Endothelial–Leukocyte Adhesion Under Defined Flow Conditions.
Lymphocyte–endothelial cell interactions under physiologic flow conditions were assessed using an in vitro flow chamber as described (42). 926 or 926-FtVII cells grown to confluence on glass coverslips were placed in a parallel-plate flow chamber. Lymphocytes (106 cells/ml) resuspended in PBS containing 0.75 mM CaCl2, 0.75 mM MgCl2, and 0.5% (wt/vol) BSA were perfused through the chamber for 10 min at a calculated shear stress of 1.85 dyn/cm2 via a syringe pump (Harvard Apparatus). Lymphocyte–endothelial interactions were videotaped using an inverted phase-contrast microscope with 10× or 40× objective power (Olympus Corp.) and a CCD video camera (Hitachi Denshi, Ltd.). After a 10-min perfusion period, multiple fields were videotaped for at least 30 s each over the next 4 min of perfusion. In some cases, composite digitized images of single video tape frames were generated using commercial software (Optimus version 5.0; Optimus Inc.) with contrast and brightness optimized using Adobe Photoshop (Adobe Systems). Rolling velocities were measured by determining the average time it took 100 lymphocytes to roll a 400-μm distance over the endothelial cell monolayer in multiple fields for each experiment. Rolling lymphocyte numbers represent the number of rolling lymphocytes that crossed a 400-μm line over a 10-s time period in at least 10 random fields for each experiment.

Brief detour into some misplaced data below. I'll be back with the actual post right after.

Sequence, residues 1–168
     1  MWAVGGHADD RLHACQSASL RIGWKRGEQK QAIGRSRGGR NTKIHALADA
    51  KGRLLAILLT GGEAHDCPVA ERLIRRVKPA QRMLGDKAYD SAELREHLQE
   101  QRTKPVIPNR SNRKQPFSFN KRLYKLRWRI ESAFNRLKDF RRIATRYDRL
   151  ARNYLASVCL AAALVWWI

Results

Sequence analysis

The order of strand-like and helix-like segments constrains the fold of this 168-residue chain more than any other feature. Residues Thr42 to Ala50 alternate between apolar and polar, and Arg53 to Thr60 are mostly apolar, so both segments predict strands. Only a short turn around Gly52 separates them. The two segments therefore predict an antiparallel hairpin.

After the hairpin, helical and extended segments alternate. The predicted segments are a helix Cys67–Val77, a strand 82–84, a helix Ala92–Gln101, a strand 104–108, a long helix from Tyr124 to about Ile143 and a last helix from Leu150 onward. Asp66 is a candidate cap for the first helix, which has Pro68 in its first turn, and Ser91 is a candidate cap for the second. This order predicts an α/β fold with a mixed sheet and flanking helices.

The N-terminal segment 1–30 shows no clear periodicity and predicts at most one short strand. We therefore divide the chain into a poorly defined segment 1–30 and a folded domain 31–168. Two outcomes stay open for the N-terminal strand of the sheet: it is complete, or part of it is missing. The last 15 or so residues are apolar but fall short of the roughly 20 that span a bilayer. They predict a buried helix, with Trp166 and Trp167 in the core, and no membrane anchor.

RNA Isolation and PCR Amplification.
Total cellular RNA isolated from cell pellets of 926-FtVII cells and HUVEC was used for cDNA synthesis as described (43). PCR amplification of Fuc-TVII cDNA used sense 5′-TCA GCC ACC TCC GAG GCA TCT TCA ACT G-3′, and antisense 5′-CGT TGG TAT CGG CTC TCA TTC ATG CCA GTG A-3′ primers to amplify a 500-bp fragment. PCR amplification was carried out at 94°C for 5 min, then 30 cycles of 94°C for 1 min, 66°C for 1 min, 72°C for 1 min, followed by 72°C for 5 min. Primers for actin were sense 5′-ATG TTT GAG ACC TTC AAC AC-3′, and antisense 5′-CAC GTC ACA CTT CAT GAT GG-3′, which generate a 495-bp fragment with PCR amplification as follows: 94°C for 5 min, then 30 cycles of 94°C for 1.5 min, 55°C for 2 min, 72°C for 1 min; followed by 72°C for 5 min. The PCR products were electrophoresed, transferred to nitrocellulose, and then hybridized with radiolabeled Fuc-TVII cDNA probe. Blots were exposed to x-Omat AR film (Kodak) or quantified using a Storm 680 PhosphorImager (Molecular Dynamics).